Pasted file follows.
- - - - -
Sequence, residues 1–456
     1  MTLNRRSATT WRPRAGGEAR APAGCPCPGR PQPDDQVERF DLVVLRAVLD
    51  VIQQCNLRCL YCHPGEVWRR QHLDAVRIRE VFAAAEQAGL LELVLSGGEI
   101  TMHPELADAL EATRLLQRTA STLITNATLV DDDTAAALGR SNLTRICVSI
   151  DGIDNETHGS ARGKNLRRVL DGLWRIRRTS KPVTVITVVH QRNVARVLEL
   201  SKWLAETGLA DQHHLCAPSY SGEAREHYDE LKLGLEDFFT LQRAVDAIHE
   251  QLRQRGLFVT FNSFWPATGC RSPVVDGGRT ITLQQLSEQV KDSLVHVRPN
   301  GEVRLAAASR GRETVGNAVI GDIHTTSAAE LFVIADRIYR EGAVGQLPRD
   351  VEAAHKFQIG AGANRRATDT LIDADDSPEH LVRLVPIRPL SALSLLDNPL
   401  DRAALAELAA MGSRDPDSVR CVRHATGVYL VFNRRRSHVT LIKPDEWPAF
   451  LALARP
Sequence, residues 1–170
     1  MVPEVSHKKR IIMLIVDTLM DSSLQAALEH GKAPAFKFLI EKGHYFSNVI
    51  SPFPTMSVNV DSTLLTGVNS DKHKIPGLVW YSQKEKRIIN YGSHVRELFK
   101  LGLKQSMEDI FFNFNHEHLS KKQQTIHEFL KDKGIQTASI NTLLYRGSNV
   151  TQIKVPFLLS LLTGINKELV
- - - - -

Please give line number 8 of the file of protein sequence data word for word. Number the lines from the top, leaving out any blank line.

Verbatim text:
   301  GEVRLAAASR GRETVGNAVI GDIHTTSAAE LFVIADRIYR EGAVGQLPRD